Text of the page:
6. What inspired you to become an activist? I am a Survivor. As a youth, I was unable to voice my own opinion in an effective manner. I have overcome the Child Welfare System, foster care and multiple placements including independent, private boarding schools without oversight. I did not have access to an accredited education or even a telephone. In these facilities, I have had to defecate in a 5 gallon bucket. I was force-fed Caster Oil, to ‘cleanse’ me from the inside out. Sometimes it takes experience to recognize where there is need.

7. What are some of the things SIA has accomplished since you started advocating for them?

  • This year we are hosting our 3rd annual SIA Convention.
  • We have worked with the media to uncover abuse in homes and institutions.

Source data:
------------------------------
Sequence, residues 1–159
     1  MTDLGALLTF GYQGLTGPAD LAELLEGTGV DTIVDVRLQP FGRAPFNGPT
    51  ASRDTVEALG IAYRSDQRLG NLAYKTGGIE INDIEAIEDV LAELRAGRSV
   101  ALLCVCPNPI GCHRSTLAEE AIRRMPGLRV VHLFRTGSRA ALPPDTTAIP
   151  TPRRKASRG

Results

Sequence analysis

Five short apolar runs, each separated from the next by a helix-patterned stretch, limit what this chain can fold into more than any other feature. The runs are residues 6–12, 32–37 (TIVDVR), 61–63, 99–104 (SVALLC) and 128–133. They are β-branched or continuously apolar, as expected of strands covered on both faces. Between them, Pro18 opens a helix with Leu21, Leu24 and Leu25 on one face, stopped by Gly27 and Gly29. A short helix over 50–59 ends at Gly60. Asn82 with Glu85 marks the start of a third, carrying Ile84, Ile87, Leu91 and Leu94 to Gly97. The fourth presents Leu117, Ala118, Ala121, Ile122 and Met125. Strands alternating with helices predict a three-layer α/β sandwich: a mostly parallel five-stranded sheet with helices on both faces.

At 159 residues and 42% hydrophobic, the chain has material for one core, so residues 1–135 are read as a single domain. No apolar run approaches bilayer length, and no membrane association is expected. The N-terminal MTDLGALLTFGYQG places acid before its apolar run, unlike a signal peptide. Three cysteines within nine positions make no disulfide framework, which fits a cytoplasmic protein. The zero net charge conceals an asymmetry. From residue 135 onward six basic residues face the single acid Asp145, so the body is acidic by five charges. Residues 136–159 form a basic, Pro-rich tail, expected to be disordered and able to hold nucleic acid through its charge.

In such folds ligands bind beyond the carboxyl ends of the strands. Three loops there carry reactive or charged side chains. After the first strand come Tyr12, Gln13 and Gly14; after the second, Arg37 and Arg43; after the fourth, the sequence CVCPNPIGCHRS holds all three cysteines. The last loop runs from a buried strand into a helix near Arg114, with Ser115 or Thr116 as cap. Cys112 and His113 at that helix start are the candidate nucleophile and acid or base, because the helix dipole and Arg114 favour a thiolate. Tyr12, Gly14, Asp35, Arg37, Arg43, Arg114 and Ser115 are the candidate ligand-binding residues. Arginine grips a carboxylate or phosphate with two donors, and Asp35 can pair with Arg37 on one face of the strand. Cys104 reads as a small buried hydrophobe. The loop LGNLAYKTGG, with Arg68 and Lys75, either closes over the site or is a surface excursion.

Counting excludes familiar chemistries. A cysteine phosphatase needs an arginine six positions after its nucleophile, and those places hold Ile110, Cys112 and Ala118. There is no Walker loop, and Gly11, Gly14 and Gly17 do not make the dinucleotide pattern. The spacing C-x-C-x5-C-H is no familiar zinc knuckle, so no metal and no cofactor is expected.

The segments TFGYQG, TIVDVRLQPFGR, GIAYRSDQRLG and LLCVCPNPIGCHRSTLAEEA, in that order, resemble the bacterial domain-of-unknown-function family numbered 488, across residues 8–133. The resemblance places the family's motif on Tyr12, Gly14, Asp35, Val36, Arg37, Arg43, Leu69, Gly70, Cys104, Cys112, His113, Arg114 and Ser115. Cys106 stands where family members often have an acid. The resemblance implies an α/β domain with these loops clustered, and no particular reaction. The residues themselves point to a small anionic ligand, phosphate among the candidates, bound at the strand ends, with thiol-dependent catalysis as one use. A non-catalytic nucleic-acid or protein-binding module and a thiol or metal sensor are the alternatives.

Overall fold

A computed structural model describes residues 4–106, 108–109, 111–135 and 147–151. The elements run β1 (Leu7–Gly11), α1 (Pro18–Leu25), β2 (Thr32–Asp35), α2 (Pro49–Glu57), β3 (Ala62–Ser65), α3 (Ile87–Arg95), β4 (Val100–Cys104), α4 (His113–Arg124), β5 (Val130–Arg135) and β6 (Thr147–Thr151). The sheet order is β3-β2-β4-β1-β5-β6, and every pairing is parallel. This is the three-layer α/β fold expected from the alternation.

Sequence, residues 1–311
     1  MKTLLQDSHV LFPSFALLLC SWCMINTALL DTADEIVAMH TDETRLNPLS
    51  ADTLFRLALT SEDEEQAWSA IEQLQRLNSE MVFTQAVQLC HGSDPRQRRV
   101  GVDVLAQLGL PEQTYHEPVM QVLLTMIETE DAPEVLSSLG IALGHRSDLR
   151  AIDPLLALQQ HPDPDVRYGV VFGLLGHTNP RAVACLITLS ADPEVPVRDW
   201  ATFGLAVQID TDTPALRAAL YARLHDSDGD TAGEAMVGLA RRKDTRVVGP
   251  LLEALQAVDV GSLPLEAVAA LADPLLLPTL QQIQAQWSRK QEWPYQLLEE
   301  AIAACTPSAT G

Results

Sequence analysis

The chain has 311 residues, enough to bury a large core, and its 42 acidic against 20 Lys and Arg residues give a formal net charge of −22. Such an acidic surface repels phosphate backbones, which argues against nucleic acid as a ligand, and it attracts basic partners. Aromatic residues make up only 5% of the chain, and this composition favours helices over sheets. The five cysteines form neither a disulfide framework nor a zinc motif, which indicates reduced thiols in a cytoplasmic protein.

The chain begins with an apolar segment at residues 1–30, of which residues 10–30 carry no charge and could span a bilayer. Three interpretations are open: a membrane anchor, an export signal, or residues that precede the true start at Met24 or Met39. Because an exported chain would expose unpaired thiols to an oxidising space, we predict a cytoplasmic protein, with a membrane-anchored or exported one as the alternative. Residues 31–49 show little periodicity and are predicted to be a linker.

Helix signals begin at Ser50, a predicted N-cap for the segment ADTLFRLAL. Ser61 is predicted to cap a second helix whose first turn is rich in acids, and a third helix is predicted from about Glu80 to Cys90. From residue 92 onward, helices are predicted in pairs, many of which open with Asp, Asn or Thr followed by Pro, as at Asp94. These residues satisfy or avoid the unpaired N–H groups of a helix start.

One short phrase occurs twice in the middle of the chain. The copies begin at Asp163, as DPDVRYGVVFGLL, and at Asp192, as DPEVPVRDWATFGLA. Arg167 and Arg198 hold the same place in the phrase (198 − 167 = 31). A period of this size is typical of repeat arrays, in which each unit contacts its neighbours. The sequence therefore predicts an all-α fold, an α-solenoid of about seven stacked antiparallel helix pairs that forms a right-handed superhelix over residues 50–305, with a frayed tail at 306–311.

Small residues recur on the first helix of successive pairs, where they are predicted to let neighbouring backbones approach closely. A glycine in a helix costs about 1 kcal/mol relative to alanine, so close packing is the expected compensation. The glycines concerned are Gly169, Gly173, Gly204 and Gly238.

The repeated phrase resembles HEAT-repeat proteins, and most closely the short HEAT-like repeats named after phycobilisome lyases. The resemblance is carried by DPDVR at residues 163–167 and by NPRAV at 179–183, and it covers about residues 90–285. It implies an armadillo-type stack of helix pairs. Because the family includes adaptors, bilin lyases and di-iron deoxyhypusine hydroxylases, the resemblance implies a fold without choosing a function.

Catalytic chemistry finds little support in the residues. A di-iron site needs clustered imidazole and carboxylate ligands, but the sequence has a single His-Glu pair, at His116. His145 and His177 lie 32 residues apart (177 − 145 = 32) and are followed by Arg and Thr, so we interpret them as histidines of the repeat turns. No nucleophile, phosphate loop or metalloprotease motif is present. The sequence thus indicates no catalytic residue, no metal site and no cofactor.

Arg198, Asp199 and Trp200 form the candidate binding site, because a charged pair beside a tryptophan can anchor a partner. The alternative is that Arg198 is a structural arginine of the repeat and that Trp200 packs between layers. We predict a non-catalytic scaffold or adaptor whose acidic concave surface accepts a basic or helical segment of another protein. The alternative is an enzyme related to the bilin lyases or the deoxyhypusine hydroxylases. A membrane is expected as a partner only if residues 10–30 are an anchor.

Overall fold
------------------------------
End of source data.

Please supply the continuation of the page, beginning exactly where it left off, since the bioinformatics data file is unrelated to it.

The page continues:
• One of the teen programs has been shut down due to our efforts (Lighthouse in Florida).
  • We have made ourselves and our plight known to politicians such as Congressman George Miller’s office, Senator Michael Padilla (New Mexico), as well as the office of the Mayor of New York City. ); Senator Carlucci’s office (D, NY) honored Jodi Helms (SIA Director and founder) with a proclamation on 5/1/2014.
  • We council and have a peer mentorship with several survivors, including a fashion show we hosted for said survivors.
  • SIA has an online published daily newspaper now.http://paper.li/SIAOrganization/1322045283
  • We have gained support from people all over the world. http://www.sia-now.org/resources/

8. Why do you believe that work you are doing is important? If you don’t stand for something, you could fall for anything. What’s more important than my children?

9. Where are you located? I currently live in the State of Ohio. I have given speeches aired in Hawaii, Washington D.C., Virginia and I work on-line out of my home during the early morning hours to spread awareness. I was in Florida and Ohio facility placements.